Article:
An organization that crowd-sources cycling collision and danger data wants to know if its map is making you feel better about cycling.
BikeMaps.org – a project partially funded by the federal government to the tune of approximately $930,000 – has been collecting citizen-reported cycling collision data in the area since early this year.
The stats are accessible through their app or website on a worldwide mapping system, which breaks down when and where cycling collisions occurred. It also shows near-misses, hazards, bike thefts and if an official police report was made.
This data is to supplement police stats and information from other sources, which is fairly limited, said Ward Vanlaar, vice president of research with the project. “There is also under-reporting (of cyclist-vehicle collisions),” he said, with about 30 per cent of collisions being collected through regular channels.
“The whole idea of doing BikeMaps … is to have an additional source of data that we can use to mine all the data (about bicycling), and analyze it with the ultimate goal of making bicycling safer for all Canadians.”
While the project hopes to influence government decisions on planning and infrastructure, it also hopes to encourage more people to start cycling.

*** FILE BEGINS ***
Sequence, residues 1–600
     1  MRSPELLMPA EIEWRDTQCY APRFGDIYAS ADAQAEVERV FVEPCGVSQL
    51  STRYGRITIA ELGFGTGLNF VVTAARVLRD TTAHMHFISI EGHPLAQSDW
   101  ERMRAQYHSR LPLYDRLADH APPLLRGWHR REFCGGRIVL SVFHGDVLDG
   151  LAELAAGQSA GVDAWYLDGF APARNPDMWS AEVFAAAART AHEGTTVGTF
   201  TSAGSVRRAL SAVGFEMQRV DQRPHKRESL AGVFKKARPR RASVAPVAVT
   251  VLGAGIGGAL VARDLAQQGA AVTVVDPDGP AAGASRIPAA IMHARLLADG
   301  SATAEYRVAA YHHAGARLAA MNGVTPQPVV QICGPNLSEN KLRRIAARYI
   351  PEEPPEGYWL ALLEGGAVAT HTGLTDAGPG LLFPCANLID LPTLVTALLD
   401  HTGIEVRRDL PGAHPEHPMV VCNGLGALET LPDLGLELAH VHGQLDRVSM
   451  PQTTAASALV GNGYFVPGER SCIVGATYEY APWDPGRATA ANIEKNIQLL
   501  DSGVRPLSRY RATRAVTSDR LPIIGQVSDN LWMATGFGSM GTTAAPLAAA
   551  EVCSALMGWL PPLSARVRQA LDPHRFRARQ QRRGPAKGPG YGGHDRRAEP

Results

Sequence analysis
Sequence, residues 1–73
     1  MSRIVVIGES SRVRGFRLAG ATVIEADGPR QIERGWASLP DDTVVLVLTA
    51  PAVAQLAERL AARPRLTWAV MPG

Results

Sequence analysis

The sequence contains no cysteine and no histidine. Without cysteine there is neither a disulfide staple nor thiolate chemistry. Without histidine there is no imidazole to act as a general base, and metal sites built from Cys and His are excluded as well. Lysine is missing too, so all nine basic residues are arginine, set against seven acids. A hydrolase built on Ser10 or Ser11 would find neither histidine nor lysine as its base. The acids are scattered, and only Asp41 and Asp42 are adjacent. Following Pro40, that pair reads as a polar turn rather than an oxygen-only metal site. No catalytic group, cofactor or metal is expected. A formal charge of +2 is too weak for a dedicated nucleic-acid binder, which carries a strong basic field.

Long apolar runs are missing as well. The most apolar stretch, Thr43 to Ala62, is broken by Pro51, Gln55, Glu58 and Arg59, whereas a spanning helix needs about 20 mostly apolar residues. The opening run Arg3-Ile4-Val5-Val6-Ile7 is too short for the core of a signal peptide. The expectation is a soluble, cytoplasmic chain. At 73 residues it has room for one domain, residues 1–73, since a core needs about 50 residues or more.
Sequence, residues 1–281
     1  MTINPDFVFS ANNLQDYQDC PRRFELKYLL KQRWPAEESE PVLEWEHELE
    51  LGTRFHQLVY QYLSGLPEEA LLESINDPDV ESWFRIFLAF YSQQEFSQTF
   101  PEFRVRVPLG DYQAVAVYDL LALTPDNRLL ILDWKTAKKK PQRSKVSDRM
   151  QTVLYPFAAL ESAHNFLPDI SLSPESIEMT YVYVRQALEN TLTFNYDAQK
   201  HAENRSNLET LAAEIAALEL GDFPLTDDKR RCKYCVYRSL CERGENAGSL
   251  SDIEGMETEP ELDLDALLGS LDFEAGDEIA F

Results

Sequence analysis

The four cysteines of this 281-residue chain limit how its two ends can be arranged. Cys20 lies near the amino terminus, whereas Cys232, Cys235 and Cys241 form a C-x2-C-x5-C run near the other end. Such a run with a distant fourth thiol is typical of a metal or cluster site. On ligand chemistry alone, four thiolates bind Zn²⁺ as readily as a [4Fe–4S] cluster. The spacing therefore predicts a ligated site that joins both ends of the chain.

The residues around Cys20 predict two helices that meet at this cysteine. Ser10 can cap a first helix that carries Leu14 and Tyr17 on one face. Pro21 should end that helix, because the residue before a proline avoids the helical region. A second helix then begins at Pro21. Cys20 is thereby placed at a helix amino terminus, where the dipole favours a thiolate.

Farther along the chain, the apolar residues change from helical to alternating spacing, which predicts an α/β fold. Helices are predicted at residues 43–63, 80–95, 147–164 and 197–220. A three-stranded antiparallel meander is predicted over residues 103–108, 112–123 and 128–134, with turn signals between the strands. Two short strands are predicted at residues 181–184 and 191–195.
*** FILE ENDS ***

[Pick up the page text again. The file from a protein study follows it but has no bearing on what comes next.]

This December and January, the project is trying to see if their map is making a difference.
In May, BikeMaps.org conducted focus group studies, online polling and roadside surveys to gauge peoples’ opinions (both cyclists and non-cyclists) about bicycling.
Now, on Dec. 15 for cyclists and Jan. 12 for non-cyclists, the organization is doing a second round of focus groups to see how opinions have changed, and promote BikeMaps.org.
“Ultimately we want to get more people on their bicycle,” said Vanlaar.
Ottawa is one of the first cities to be part of the BikeMaps.org project, along with Victoria and Edmonton. The project is on the verge of phase two, where similar activities will take place in Montreal, Halifax and Vancouver.